A senior executive who sued his employers at the Swiss banking giant Credit Suisse after colleagues compared him to reality TV star Jessica Alves has lost a sex discrimination case.

Christopher Drake claimed he was targeted in a ‘systematic bullying campaign’ when staff likened him to the transgender TV personality, who is known for having undergone a number of plastic surgery operations, in a WhatsApp  group. 

Mr Drake claimed the comments made by his colleagues at the banking firm, based in the capital’s financial hub of Canary Wharf, led to him suffering debilitating bouts of depression and anxiety.

A tribunal of employment dismissed Drake’s claim for sexual discrimination, ruling that Drake filed his claim too late.

He also participated in banter on WhatsApp.

Mr Drake, who works as Vice President of Credit Suisse, told the East London that he had been the recipient of a number of ‘inappropriate comments or jokes’ made by his colleagues about his ‘perceived sexuality’ on a work WhatsApp group.

Senior executive who claimed his colleagues at Swiss banking giant Credit Suisse (branch in Canary Wharf pictured) targeted him in a 'systematic bullying campaign' has had his case dismissed

An executive claims that Credit Suisse, the Swiss bank giant, targeted him with a systemic bullying campaign. His case has been dismissed

Particularly, his complaint was about a series of messages that he received from February 2019 to January 2020. In which he felt ‘liked’ to Jessica Alves, reality TV star,

Alves, who was born in São Paulo, Brazil, but later moved to London at 18, is known for having undergone a number of plastic surgery operations to transition from male to female.  

In 2018, she also appeared on Celebrity Big Brother as a housemate, but was removed after she used the N-word during a discussion about her sexual preference.         

According to Mr Drake, the comments made by his coworkers were “deeply disturbing” and “offensive”. He began a period without pay in February 2020.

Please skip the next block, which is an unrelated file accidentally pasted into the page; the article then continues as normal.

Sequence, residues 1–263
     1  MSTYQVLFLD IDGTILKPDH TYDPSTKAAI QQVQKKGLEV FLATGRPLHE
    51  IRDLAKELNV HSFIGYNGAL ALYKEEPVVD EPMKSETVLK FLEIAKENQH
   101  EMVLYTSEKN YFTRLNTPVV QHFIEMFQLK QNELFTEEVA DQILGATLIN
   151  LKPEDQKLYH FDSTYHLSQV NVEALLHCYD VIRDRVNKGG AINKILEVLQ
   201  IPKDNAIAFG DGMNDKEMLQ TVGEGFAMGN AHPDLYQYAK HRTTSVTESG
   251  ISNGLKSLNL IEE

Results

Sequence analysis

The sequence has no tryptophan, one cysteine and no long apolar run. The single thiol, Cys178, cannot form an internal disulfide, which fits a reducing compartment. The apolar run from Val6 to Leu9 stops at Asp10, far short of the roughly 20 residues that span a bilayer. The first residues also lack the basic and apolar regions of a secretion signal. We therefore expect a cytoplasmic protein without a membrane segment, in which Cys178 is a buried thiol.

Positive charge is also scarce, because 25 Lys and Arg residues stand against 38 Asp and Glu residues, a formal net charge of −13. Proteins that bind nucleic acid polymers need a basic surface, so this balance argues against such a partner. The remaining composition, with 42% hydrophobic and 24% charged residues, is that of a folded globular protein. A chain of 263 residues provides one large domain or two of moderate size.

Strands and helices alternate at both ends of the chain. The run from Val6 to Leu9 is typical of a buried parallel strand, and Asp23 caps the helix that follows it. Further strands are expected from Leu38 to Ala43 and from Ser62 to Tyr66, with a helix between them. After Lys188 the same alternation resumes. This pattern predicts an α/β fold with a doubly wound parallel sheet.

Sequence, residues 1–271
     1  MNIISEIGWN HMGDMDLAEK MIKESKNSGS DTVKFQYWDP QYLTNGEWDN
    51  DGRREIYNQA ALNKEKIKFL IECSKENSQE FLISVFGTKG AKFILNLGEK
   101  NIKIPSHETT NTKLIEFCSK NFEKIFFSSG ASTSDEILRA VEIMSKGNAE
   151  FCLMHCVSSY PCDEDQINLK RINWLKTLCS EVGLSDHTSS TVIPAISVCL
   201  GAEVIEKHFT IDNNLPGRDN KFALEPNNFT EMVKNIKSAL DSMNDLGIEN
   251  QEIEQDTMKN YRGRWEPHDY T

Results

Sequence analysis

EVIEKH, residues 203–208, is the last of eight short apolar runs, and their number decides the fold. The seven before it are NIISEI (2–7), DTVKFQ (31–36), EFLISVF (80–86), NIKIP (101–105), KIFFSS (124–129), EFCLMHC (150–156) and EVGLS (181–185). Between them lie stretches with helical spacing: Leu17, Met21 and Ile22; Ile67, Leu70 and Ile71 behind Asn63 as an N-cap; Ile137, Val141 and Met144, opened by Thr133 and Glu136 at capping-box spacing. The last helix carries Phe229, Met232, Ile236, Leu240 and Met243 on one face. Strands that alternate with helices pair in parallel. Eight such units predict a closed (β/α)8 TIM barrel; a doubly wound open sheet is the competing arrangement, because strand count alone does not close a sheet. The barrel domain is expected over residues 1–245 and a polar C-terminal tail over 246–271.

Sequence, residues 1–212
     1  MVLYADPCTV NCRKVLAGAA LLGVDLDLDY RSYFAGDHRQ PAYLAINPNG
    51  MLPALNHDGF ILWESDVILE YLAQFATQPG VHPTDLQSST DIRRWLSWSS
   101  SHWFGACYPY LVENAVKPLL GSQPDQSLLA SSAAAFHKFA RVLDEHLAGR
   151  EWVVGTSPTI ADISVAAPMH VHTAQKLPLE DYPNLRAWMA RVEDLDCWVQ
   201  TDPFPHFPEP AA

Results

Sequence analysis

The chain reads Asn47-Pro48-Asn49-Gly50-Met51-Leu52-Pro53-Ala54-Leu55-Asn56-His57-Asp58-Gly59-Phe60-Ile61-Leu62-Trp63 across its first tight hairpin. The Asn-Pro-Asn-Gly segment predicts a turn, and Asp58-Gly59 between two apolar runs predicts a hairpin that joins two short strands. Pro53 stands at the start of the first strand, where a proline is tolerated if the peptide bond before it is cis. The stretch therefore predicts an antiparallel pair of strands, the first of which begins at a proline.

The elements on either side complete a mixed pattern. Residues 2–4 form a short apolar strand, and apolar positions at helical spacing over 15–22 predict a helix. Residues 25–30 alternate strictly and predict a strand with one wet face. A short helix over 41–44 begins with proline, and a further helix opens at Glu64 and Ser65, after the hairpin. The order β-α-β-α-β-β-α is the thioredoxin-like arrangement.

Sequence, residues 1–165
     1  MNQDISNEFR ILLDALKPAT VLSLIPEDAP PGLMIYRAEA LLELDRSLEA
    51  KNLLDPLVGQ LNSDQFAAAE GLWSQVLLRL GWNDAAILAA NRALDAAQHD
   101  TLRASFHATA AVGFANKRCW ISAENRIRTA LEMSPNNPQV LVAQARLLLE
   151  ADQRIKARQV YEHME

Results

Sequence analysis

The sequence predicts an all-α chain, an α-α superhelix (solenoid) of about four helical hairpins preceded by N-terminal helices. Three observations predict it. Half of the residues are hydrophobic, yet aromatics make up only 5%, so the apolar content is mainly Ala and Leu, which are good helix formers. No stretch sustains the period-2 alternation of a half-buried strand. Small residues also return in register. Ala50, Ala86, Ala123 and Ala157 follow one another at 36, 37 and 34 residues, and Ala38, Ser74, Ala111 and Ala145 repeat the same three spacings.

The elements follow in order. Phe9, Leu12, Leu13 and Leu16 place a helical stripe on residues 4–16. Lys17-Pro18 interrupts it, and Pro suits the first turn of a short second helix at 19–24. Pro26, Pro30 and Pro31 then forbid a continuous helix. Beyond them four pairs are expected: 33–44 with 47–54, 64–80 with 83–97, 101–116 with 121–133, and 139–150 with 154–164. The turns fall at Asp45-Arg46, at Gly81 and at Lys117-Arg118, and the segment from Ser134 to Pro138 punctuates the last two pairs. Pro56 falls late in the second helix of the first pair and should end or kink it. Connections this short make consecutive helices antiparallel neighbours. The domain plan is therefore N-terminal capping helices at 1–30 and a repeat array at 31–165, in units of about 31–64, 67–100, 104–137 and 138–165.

His GP told him about the ‘workplace bullying.’ He said he suffered from depression and that he had stopped going to the gym, and that he ‘didn’t get dressed on weekends.

The hearing was held after he was given antidepressants, but he did not complain of harassment or discrimination regarding his sexual orientation in a telephone consultation with his occupational health provider.

However, the survey did not mention Mr Drake being ‘clearly concerned’ about his job security.

The tribunal also heard that he had been bullied at work regarding his’sexuality’ and ‘gender’ during another GP appointment. 

He was advised by his GP to speak with his HR department, but Mr Drake said he couldn’t handle the matter at that point.

Although Mr Drake spoke out about the “systematic bullying campaign” against him and his sexuality in a June occupational health assessment, he did not seek legal counsel until the end.

After submitting his claim to the employment tribunal, Drake claimed that Drake had asked for the perpetrators’ to cease but this only served to fuel bullying.

He said that his mental state was affected by living alone during the lockdown, and being ‘unable’ to get up most days.

Alison Russell, Employment Judge, ruled that Mr Drake had submitted his claims out of time and didn’t believe it plausible that his mental illness led to him spending most of the day in bed. 

Judge Russell declared: “I accept.” [Mr Drake]The evidence shows that his mental health was not good throughout 2020. This affected the ability of him to handle work-related issues.

The banker claimed colleagues compared him to reality TV star Jessica Alves in a WhatsApp group

In a WhatsApp group, the banker said that his colleagues had compared him with Jessica Alves, a reality TV star.

Alves, who was born in São Paulo, Brazil, also appeared as a housemate on Celebrity Big Brother in 2018

Alves, who was born in São Paulo, Brazil, also appeared as a housemate on Celebrity Big Brother in 2018

“However, poor mental state does not automatically prevent the submission of a claim before the Tribunal.

I do not believe Mr Drake has any evidence to support the claim that Drake felt so sick in June 2020 that he was unable to move from his bed.

“The claim was submitted nine months late, and all allegations will have become stale at the last hearing.

“Mr Drake”‘s case shows that potential for forensic prejudice in this instance is very minimal, as chats are available and can speak for themselves regardless of delay.

Credit Suisse disagrees with the assertion that Drake actively participated in the group chats.

“It wouldn’t have been reasonable for him or the conduct in question have had the prescribed effects.

“I’m not convinced that it is equitable and just to extend the time in this matter. These reasons are sufficient to dismiss the entire claim.